High blood pressure is the second leading cause of kidney failure in the United States after diabetes.
High blood pressure, also known as Hypertension, can damage blood vessels in the kidneys, reducing their ability to work properly. When the force of blood flow is high, blood vessels stretch so blood flows more easily. Eventually, this stretching scars and weakens blood vessels throughout the body, including those in the kidneys.
If the kidneys’ blood vessels are damaged, they may stop removing wastes and extra fluid from the body. Extra fluid in the blood vessels may then raise blood pressure even more, creating a dangerous cycle.
Most people with high blood pressure do not have symptoms. In rare cases, high blood pressure can cause headaches.
Kidney disease also does not have symptoms during its early stages. A person may have swelling called edema, which happens when the kidneys cannot get rid of extra fluid and salt. Edema can occur in the legs, feet, or ankles and less often in the hands or face.
Once kidney function decreases further, symptoms can include:
- Appetite loss
- Drowsiness or feeling tired
- Trouble concentrating
- Sleep problems
- Increased or decreased urination
- Generalized itching or numbness
- Dry skin
- Weight loss
- Darkened skin
- Muscle cramps
- Shortness of breath
- Chest pain
Following a healthy eating plan can help lower blood pressure. Your health care provider may recommend a dietary approach that includes foods that are low in fat and cholesterol, dairy that is fat-free or low-fat, fish, poultry and nuts, as well as, consuming less read meat, sweets and added sugars.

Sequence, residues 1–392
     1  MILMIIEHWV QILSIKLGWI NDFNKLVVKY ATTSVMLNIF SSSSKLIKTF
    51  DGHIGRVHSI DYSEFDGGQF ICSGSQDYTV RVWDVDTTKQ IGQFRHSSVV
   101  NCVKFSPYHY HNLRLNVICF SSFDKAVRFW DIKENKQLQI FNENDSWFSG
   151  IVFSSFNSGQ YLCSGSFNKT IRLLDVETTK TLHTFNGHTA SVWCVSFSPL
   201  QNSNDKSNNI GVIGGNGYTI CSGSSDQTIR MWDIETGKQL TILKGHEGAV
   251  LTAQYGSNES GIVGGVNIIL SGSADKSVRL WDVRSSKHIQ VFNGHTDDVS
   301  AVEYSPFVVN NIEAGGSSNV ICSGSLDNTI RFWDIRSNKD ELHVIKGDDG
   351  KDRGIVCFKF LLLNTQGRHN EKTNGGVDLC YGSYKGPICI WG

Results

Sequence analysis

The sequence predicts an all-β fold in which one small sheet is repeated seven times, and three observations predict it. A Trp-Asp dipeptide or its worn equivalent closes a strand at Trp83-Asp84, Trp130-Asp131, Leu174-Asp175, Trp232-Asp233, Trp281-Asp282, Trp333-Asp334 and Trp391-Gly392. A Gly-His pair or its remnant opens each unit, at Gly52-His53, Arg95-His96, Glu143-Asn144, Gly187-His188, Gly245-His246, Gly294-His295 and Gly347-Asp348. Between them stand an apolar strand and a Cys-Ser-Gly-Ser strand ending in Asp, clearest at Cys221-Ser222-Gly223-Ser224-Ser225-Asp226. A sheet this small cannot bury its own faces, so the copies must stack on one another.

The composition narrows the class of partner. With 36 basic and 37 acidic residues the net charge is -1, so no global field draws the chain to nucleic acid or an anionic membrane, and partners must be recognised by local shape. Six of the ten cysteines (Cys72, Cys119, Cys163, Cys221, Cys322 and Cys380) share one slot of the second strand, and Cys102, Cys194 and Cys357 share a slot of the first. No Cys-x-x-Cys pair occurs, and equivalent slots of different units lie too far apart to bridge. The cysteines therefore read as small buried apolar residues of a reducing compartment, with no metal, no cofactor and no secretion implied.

If you are experiencing symptoms and would like to speak with a physician, please call Jamaica Hospital Medical Center’s Ambulatory Care Center at 718-206-7001.
All content of this newsletter is intended for general information purposes only and is not intended or implied to be a substitute for professional medical advice, diagnosis or treatment. Please consult a medical professional before adopting any of the suggestions on this page. You must never disregard professional medical advice or delay seeking medical treatment based upon any content of this newsletter. PROMPTLY CONSULT YOUR PHYSICIAN OR CALL 911 IF YOU BELIEVE YOU HAVE A MEDICAL EMERGENCY.